This Face

You sit in a glass-walled office
at the morgue in Mexico City,
studying a cadaver photograph
of a face you love. You are trying
to convince the coroner
you know this face,
this young man who was smiling
the last time you saw him.
In your face she has glimpsed
a blankness, a momentary
refusal to acknowledge
that the photograph depicts
your son. You barely understand
it reveals the what, not the why,
of random murder.


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You have on your phone
another photograph of your son
from three months earlier. He’s looking
over his right shoulder into the camera,
smile stretched the width of his face,
underlining cheekbones just before a burst
of laughter as he shows his father
his favorite place: the Newseum,
where typewriters, Teletypes,
Linotypes and laptops are all the same
to him — a way to tell stories. It’s where
he goes to think,
to explain, to keep, 
as he says, his integrity as a journalist.

The Newseum is where
he will say his vows
with a man he has yet to meet —
he is sure of future love.
He is twenty-two.
His father’s camera has caught
the lift of his chin, ready
for his new job as a reporter,
new city, Mexico. In a walk home
one night, perhaps he failed
to see danger.
You are left
with this:
a photograph transfigured
into a sacred relic,
a shard of memory,
story untold.

(In Peru, following Mando’s death, Alters studied the work of Cesar Vallejo, the Peruvian poet referred to in this poem)

Water in an Eye

Vallejo gave me
an almost indecipherable word: empozarse,
a verb that puts water in an eye
and leaves it just under the rim
so no one has to say what eye water
becomes when it spills over lash and cheek —
it wells up, quiet
like a reservoir back of a dam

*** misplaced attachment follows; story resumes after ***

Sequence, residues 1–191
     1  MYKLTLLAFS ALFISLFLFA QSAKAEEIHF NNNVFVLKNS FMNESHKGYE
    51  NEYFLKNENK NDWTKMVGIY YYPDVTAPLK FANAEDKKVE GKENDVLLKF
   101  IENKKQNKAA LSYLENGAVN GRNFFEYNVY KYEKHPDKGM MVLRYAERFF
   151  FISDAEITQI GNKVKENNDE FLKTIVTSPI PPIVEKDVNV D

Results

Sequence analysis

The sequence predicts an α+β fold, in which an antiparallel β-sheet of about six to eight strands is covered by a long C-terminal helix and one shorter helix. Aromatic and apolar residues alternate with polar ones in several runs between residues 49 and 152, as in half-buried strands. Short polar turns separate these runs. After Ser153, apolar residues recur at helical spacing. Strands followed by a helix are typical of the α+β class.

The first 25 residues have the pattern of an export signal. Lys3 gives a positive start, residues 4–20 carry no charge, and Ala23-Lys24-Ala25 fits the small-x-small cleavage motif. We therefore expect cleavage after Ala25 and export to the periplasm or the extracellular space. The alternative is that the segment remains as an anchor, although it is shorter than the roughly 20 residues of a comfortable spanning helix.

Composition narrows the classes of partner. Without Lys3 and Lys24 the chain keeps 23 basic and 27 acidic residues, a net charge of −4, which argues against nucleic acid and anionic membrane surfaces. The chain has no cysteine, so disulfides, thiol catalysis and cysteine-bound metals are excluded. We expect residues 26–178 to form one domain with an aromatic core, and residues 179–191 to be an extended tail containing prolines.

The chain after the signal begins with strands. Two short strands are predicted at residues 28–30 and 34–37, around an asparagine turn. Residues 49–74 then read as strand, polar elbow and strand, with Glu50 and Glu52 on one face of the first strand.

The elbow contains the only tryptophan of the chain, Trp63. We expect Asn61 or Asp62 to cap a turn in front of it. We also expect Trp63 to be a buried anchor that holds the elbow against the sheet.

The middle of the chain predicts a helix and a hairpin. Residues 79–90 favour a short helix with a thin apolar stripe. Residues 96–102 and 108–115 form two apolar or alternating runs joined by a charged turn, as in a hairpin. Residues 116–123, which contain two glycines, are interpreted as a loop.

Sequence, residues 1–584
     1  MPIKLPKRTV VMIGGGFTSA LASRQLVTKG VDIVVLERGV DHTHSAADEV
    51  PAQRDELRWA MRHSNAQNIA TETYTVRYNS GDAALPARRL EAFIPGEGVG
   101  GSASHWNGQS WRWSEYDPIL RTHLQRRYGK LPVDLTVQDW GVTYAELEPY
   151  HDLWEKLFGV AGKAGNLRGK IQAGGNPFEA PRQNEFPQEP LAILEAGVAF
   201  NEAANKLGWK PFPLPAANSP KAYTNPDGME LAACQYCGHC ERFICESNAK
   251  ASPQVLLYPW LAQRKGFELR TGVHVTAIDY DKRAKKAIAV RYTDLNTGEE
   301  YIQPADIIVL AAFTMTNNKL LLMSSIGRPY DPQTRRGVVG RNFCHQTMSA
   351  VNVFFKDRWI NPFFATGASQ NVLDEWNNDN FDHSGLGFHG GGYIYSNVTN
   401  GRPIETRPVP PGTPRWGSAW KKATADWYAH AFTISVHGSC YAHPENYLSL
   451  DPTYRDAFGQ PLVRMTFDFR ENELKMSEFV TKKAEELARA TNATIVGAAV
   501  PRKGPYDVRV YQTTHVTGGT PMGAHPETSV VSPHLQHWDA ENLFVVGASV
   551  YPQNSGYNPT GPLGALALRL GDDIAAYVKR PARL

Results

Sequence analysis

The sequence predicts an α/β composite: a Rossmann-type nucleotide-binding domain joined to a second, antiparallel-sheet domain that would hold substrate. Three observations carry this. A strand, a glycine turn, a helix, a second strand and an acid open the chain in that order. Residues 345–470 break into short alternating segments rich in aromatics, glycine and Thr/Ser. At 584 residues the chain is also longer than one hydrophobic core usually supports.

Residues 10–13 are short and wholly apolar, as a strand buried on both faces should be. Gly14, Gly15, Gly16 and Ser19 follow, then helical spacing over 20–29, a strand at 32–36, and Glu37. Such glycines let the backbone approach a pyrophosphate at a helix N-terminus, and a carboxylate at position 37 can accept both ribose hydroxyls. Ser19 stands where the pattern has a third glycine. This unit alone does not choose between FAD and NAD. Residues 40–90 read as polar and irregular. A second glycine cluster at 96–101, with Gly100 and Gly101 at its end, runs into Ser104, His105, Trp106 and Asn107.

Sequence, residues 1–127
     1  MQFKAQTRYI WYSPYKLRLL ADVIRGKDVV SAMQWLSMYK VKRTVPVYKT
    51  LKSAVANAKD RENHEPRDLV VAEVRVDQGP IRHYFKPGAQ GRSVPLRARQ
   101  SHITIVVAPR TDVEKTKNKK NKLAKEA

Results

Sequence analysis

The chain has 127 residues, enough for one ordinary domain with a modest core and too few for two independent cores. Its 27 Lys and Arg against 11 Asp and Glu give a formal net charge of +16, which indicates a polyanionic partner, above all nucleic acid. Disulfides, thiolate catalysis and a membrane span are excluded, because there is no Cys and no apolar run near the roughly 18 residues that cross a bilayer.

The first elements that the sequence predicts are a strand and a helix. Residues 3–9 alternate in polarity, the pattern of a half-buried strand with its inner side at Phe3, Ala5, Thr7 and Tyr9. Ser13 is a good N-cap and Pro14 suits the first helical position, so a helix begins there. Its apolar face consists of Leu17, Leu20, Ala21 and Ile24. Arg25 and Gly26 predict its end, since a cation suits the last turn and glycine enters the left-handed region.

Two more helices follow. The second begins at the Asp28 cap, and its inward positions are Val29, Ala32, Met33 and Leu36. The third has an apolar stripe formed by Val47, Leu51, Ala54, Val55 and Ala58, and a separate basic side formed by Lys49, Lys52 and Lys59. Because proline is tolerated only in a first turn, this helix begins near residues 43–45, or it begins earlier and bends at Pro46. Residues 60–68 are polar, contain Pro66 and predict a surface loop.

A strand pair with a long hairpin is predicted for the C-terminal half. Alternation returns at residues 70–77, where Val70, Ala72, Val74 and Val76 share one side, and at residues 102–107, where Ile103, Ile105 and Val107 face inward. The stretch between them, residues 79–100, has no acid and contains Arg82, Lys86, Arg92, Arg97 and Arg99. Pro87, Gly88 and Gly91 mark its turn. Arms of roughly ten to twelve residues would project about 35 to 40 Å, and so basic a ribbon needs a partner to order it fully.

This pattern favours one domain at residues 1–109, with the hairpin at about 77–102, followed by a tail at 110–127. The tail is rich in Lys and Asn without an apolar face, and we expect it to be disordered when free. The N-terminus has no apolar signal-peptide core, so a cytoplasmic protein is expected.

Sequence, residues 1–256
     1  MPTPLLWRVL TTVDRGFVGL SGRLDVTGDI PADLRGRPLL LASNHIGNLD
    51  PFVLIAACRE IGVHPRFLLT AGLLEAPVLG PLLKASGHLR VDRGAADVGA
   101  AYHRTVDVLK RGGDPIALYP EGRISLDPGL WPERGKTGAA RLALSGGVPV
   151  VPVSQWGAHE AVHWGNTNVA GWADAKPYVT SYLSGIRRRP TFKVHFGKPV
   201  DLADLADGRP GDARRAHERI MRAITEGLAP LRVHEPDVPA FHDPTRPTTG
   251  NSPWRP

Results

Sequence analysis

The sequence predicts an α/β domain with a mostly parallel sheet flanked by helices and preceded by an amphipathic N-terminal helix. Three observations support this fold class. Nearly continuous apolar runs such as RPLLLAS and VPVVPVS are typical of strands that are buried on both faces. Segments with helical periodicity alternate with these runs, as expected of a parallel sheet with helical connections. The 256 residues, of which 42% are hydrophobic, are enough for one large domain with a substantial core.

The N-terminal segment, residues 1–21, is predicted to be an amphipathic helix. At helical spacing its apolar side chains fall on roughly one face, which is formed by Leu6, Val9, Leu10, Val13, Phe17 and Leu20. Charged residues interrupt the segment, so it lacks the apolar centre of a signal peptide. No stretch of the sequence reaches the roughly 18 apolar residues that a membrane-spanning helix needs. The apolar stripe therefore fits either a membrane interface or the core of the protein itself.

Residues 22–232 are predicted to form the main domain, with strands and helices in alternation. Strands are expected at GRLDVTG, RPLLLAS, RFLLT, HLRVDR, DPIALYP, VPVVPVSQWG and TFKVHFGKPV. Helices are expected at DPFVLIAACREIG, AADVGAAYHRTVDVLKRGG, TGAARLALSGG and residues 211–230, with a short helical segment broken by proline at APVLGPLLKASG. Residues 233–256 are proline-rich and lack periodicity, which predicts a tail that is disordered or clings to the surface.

poised to inundate entire canyons,
ancient civilizations,
whole lives. A poet told me
North Americans shouldn’t write tears
Into a poem because that’s mawkish

and even in Latin America 
only Neruda could get away with it — well,
actually, Vallejo got away with it even
more deftly than Neruda
but in Buenos Aires
where tears are abundant — una lagrima is a drop
of espresso in hot milk — I can’t find a tear
in new Argentine poetry,
so when a busybody down the street
wondered why I would leave home
to study Spanish
instead of buying an app to translate
on the spot — who needs 
more than English really — 
I couldn’t explain
the truth is I don’t know
why I’ve forced my brain to butt
against cinderblocks of verbs 
and tiny lice-like words that inch
Into unexpected places
where even the regular veers
irregular late at night
when no one has the energy
to decipher my gameboy Spanish
including me — so I might have missed the tears

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because I read Spanish so slowly, well enough
to slam translators, but not nearly sufficient
to describe all I need
at the grocery store which a first grader
holding Mama’s hand can do — my son could do that
he could write the hell out of Spanish,
carve jokes with it, drink on it,
and still go strong at 1 a.m. except for that one last
early morning when Spanish was likely
the last human sound he ever heard.
Empozarse means to form pools
which means eye on the verge of spilling water
which means to Vallejo a whole life fits
Into that eye and pools form —
but even there he doesn’t write tears, 
not in that poem.

Diane Alters is a former journalist and college professor who studies poetry at the Lighthouse Writers Workshop in Denver. Her poems have appeared in Calyx, Crosswinds Poetry Journal, The New York Quarterly and Pilgrimage Magazine, among others.